Category Archives: Flooding

Cold Tempratures – Are Your Pipes Going to Survive?

Whether you own a home or a condo – make sure you are prepared for winter!

Water pipes burst because the water inside them expands as it gets close to freezing, and this causes an increase in pressure inside the pipe. When the pressure gets too high for the pipe to contain, it ruptures.

We grew up with water all around us and so this expansion phenomenon seems natural, but interestingly, it is a chemical anomaly. Most liquids do not expand just before transition to solid. You should be thankful for this; it is one of the reasons that life exists.

When a liquid cools the molecules slow down (temperature really is just a measure of the average kinetic energy of the molecules). This slowing down allows the molecules to get closer together and increases the density of the liquid. This happens with water too, and when water is cooled down, it gets denser and denser, down to 3.98°C then, something interesting occurs; it starts to expand again.

BOTTOM LINE  – Don’t let pipes FREEZE!

How to Protect Pipes From Freezing
Before the onset of cold weather, (WHICH  IS  NOW!)  protect your pipes from freezing by following these recommendations:

  • Drain water from swimming pool and water sprinkler supply lines following manufacturer’s or installer’s directions. Do not put antifreeze in these lines unless directed. Antifreeze is environmentally harmful, and is dangerous to humans, pets, wildlife, and landscaping.
  • Remove, drain, and store hoses used outdoors. Close inside valves supplying outdoor hose bibs. Open the outside hose bibs to allow water to drain. Keep the outside valve open so that any water remaining in the pipe can expand without causing the pipe to break.
  • Add insulation to attics, basements and crawl spaces. Insulation will maintain higher temperatures in these areas.
  • Check around the home for other areas where water supply lines are located in unheated areas. Look in the garage, and under kitchen and bathroom cabinets. Both hot and cold water pipes in these areas should be insulated.
  • Consider installing specific products made to insulate water pipes like a “pipe sleeve” or installing UL-listed “heat tape,” “heat cable,” or similar materials on exposed water pipes. Newspaper can provide some degree of insulation and protection to exposed pipes – even ¼” of newspaper can provide significant protection in areas that usually do not have frequent or prolonged temperatures below freezing.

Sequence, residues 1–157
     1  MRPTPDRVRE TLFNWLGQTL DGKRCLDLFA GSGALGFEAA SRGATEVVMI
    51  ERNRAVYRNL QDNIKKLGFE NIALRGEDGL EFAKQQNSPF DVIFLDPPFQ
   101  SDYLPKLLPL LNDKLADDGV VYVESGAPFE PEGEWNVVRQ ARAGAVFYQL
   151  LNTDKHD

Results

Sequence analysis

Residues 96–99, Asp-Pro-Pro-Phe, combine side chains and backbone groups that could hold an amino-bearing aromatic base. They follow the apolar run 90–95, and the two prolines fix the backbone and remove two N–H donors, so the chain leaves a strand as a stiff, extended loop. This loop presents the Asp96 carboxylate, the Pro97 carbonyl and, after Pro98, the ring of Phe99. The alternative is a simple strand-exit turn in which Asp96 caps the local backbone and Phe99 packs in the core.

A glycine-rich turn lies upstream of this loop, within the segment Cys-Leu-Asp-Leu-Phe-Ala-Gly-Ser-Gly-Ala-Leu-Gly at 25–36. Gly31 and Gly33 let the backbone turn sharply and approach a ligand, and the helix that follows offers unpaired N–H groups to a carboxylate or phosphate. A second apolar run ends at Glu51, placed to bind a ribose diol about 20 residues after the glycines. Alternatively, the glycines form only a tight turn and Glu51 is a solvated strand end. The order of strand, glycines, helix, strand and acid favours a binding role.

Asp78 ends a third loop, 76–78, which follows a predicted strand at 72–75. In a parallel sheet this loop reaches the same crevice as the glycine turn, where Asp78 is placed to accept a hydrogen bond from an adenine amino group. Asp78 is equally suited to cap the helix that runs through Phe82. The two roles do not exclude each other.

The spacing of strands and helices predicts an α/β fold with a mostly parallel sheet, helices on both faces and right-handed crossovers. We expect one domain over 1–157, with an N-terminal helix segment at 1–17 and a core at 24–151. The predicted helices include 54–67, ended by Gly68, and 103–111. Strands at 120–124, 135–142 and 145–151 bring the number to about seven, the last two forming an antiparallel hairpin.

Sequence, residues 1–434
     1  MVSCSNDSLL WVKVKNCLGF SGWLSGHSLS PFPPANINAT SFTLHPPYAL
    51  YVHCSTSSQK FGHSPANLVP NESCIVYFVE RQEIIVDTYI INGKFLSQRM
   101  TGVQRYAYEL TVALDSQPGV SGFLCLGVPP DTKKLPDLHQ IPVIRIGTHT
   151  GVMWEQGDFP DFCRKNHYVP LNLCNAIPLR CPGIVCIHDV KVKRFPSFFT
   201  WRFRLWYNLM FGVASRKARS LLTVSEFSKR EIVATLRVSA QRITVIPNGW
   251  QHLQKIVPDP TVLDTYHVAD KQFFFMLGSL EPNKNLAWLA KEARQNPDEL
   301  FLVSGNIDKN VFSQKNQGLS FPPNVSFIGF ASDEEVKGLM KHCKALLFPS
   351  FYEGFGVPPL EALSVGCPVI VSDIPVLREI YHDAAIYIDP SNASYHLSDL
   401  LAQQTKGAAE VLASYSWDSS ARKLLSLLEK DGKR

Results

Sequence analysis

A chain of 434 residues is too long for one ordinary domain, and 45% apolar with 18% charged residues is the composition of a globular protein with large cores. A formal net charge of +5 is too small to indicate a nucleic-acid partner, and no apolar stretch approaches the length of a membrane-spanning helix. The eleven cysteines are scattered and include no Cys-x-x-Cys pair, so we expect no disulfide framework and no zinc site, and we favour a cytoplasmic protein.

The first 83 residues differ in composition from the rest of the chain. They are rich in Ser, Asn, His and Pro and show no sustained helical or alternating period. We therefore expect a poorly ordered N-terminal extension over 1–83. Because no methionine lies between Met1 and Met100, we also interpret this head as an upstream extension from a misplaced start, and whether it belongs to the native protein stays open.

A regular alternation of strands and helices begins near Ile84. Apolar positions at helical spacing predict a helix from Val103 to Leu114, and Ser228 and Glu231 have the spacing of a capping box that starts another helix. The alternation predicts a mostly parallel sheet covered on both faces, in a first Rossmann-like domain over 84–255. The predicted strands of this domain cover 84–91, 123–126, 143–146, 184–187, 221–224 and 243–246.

• Consider relocating exposed pipes to provide increased protection from freezing.
How to Prevent Frozen Pipes
  • Keep garage doors closed if there are water supply lines in the garage.
  • Open kitchen and bathroom cabinet doors to allow warmer air to circulate around the plumbing. Be sure to move any harmful cleaners and household chemicals up out of the reach of children.
  • When the weather is very cold outside, let the cold water drip from the faucet served by exposed pipes. Running water through the pipe – even at a trickle – helps prevent pipes from freezing.
  • Keep the thermostat set to the same temperature both during the day and at night. By temporarily suspending the use of lower nighttime temperatures, you may incur a higher heating bill, but you can prevent a much more costly repair job if pipes freeze and burst.
  • If you will be going away during cold weather, leave the heat on in your home, set to a temperature no lower than 55° F. (or if you have a basement – keep it at 55!)

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Basement Flooding and Overhead Drains in Chicago

flooded basement chicago drains sewer problems

Flash flooding has become commonplace in the Chicago area in the last couple years, and that means wet basements.

Those “100  year rain storms”  are happening every year!

Despite Deep Tunnel, the $4 billion project to collect storm runoff, flooding has become a major problem in Illinois. That’s due to the type and frequency of the storms here, says Kevin Hebert, rain garden consultant, stormwater storage specialist and owner of Kevin’s Rain Gardens. Until a few years ago, 90 percent of storms in Illinois produced less than 1 inch of rain, but there has been an increase in the occurrence of 2- to 3-inch rainstorms in the past couple of years, Mr. Hebert says, citing data from the National Oceanic and Atmospheric Administration which he compiled.

“We could handle those storms if it was spreading out over two or three hours, but it’s happening over one hour,” he says.

Many municipalities have 40- to 50-year-old systems to handle the rainwater. Mr. Hebert says.

Some areas of Chicago offer  “The Overhead Sewer Program”.  It was established to provide financial assistance to homeowners who desire to protect their home from flooding during a heavy rain event. Eligible homeowners may qualify for a 50% cost sharing, up to a maximum of $5,000.00 for installing an overhead sewer system which can protect their basements from sewer back-up.
Some “modified” overhead sewer designs may also qualify.

We deal with wet and flooded  basements all the time.Our Flood Control Systems Are Second To None!

1-800-662-1875

4594 N. Elston Avenue               
CHICAGO, IL 60630

info@goodeplumbing.com

 

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